Nothing quite literalizes what it is to live in fear right now like encountering another person on my daily walks. It’s a new thing for me to shrink from contact with the people that I approach, but I have too when I so many of them not taking social-distancing protocol seriously, if they are even considering it at all. Last week, for example, I started walking down a tight sliver of a makeshift detour walkway designated by white and orange plastic barriers in front of a building undergoing construction on Roebling Street in Williamsburg. From the other side where I was headed, two people started doing the same. The path was so narrow, we would have both had to turn sideways to all fit through when we met. There was no hesitation in their gait—we were doing this. I turned around and walked in the street instead.
These brushes with contact are frequent, but it could be worse. I’m lucky that I live right on the border of Ridgewood, Queens, in an area of Brooklyn that is rife with residential areas offering precious space and less foot traffic than the more bustling areas of the city. It didn’t feel lucky when I moved out here a few years ago, further than I’ve ever lived from Manhattan while still technically living in “the city,” but the world is turning itself upside down and inside out in all kinds of ways, I guess. We are on societal pause, but I keep moving as much as possible. This is what I need, I figure, to stay alive and healthy right now.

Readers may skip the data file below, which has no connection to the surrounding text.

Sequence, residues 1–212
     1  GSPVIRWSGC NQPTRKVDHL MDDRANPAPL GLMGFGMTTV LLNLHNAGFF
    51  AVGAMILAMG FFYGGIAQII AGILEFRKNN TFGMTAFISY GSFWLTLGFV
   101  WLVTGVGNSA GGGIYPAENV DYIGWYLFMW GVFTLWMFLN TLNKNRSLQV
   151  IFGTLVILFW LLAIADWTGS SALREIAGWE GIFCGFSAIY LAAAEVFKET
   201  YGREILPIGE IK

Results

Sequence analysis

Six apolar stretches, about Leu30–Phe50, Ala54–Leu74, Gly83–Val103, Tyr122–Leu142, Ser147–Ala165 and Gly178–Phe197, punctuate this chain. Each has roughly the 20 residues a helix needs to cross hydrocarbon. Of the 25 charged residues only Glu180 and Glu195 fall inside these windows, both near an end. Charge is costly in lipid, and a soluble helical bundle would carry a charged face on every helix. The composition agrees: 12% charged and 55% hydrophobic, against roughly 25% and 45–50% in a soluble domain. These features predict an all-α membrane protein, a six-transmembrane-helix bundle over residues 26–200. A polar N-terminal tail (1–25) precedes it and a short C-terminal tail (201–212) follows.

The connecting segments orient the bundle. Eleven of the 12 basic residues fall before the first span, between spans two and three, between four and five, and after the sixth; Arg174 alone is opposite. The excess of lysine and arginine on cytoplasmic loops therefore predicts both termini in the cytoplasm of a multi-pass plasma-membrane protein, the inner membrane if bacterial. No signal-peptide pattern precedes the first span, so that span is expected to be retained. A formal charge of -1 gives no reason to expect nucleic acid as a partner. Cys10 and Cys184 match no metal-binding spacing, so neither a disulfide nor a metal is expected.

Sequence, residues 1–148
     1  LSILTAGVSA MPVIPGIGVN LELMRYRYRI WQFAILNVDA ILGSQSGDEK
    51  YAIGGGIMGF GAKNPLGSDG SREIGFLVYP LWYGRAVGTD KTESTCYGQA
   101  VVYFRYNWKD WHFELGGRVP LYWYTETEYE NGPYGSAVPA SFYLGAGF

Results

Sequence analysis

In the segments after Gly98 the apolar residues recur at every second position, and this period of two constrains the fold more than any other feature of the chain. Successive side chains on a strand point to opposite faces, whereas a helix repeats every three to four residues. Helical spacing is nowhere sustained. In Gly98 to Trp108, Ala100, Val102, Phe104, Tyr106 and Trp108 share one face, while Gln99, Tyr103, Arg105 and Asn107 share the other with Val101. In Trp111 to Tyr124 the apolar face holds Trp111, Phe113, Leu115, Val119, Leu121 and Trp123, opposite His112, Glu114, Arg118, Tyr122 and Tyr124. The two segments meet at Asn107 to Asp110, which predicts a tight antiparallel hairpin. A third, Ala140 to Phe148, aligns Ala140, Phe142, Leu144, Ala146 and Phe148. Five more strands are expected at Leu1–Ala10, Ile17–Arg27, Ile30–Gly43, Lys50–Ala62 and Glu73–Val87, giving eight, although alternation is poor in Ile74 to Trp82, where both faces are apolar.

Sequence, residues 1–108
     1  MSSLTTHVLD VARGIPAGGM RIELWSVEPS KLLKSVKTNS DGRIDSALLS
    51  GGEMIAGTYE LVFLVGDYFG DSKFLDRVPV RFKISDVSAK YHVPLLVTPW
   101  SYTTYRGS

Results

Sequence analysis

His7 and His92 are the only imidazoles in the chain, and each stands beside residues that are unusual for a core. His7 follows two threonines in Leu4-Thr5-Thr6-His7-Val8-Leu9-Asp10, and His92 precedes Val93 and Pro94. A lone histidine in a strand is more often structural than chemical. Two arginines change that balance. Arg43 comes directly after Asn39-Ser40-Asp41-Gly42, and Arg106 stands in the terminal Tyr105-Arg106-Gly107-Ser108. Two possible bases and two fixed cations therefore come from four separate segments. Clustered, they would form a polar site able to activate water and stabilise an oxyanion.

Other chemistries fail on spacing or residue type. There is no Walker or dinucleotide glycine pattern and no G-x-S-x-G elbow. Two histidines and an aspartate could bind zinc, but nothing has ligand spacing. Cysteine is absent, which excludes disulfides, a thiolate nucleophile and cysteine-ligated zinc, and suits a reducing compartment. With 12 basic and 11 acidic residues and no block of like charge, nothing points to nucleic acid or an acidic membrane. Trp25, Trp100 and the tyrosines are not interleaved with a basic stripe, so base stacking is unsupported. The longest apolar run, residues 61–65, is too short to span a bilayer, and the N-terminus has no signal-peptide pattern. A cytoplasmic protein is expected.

But it’s an imperfect method, one that puts me in probable harm’s way. I walked by a man on Friday who coughed without covering his mouth just moments after I’d passed. It was a dry cough. Before, I probably wouldn’t have been able to parse it out from the rest of the urban ambiance, but it cut through everything, a morbid perversion of the cocktail party effect at a time of no parties. Repeatedly I’ve approached two people walking abreast so as to take up the entire sidewalk. They silently offer approachers the choice of squeezing between them or swerving into the street to miss them entirely. I never squeeze between them. The other day, as I waited to pick up a prescription at my local Duane Reade, a teen brushed by me so closely that her arm grazed mine. I couldn’t believe it.